Everything You Need To Know About How To Deadhead Flowers

<p>Getty Images</p>

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Deadheading your flowers is an easy garden task, but is it completely necessary? The answer is sometimes! Deadheading, or removing spent blooms and seed pods, encourages some annuals to bloom over and over and some perennials to rebloom.

Here’s why deadheading works to encourage more blooms: Plants have one job in life, which is to make seeds in order to reproduce. After a plant flowers, it puts all its energy into producing seeds. When you deadhead, the plant still wants to reproduce, so it pushes out more flowers in an attempt to make more seeds. In a way, you’re tricking it into reblooming.

Deadheading also prevents the reseeding of self-sowing plants, such as morning glories or columbine, which drop tons of seeds that pop up again in your garden next spring. That’s fine if you don’t mind lots of new baby plants in that area, but it’s annoying if you don’t want a certain plant in a specific location.

Removing spent blooms also allows you to keep a close eye on your plants to scout for early signs of pests or disease. Deadheading keeps your garden looking neat and tidy, too. It’s also somewhat meditative (and so satisfying!) to wander around the garden deadheading at a leisurely pace with your morning cup of coffee in hand.

Here’s how and why you should deadhead and when it’s not necessary:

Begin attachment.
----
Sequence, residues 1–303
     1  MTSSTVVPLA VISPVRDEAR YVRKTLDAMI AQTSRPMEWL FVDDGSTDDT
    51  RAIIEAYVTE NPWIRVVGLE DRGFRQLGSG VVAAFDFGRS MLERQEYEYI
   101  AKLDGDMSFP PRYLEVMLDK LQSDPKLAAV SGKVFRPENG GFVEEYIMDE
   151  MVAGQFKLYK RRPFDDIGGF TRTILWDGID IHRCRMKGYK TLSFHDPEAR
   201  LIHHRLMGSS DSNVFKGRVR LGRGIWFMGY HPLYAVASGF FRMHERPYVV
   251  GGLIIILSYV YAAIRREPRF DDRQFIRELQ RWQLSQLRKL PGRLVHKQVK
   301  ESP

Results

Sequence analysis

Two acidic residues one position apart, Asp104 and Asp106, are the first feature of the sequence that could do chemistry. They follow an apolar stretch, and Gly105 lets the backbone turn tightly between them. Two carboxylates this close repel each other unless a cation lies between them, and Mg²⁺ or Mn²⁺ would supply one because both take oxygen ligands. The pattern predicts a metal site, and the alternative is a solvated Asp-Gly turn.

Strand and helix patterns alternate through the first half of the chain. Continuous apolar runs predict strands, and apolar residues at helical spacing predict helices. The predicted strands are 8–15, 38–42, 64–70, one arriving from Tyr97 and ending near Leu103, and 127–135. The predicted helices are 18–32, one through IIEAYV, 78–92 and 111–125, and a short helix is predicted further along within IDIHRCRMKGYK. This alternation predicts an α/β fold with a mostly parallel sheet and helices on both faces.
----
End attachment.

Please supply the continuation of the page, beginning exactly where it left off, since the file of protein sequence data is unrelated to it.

How To Deadhead Flowers

It’s super-simple: Use your fingers or garden snips to cut off the faded flower head. Make sure you get the entire seedpod that’s forming behind the flower, not just the flower petals. Aim for a spot below the flower and just above the first leaves on the stem. Also, be careful you’re not accidentally taking off any new buds hiding in the foliage.

Flowers That Should Be Deadheaded

Many annuals look and perform their best when deadheaded. That includes marigolds, pinks, salvia, coleus, cosmos, snapdragons, and zinnia. Some perennials also benefit and may rebloom when deadheaded, including bellflower, blanket flower, tickseed, cranesbill, bee balm, and garden phlox. Dahlias, which are treated as annuals but can be perennial in the Lower South, also bloom for a longer period of time when you deadhead them.

While some perennials won’t rebloom, removing the faded flowers will direct energy into the roots and foliage for better flowering next year. That includes daffodils, hyacinths, and irises; take off the entire flower stem down to where the foliage comes out of the ground. Peonies won’t rebloom, but snipping off spent flowers to the first set of leaves puts the plant’s energy into next year’s flowers. Ditto for daylilies; remove each flower (which, of course, only lasts a day) when they get mushy, then snip the stem off at ground level when all the blooms have opened.

Flowers That Don’t Need To Be Deadheaded

If you don’t want to fuss in the garden, many flowers are considered self-cleaning, meaning they deadhead themselves so you won’t have to trim them back to encourage new blooms. That includes annuals such as begonias, calibrachoa, torenia, impatiens, portulaca, and many new cultivars of petunias, such as the Wave and Supertunias series.

Do I Have To Deadhead Flowers?

It’s entirely up to you. Many gardeners love the chore, but some hate it! Don’t take the joy out of gardening and make work for yourself if you’d rather be doing something else. And if you’re in doubt about whether or not to deadhead a plant, just skip it. Nature knows what to do.

Don't Deadhead in Late Summer and Fall

Some gardeners like the look of unique seedpods in the garden over the winter. In addition, many plants such as coneflowers, cornflowers, and sunflowers provide winter food for birds. If you’ve been diligent about deadheading, stop doing so in late summer and fall so wildlife will benefit.

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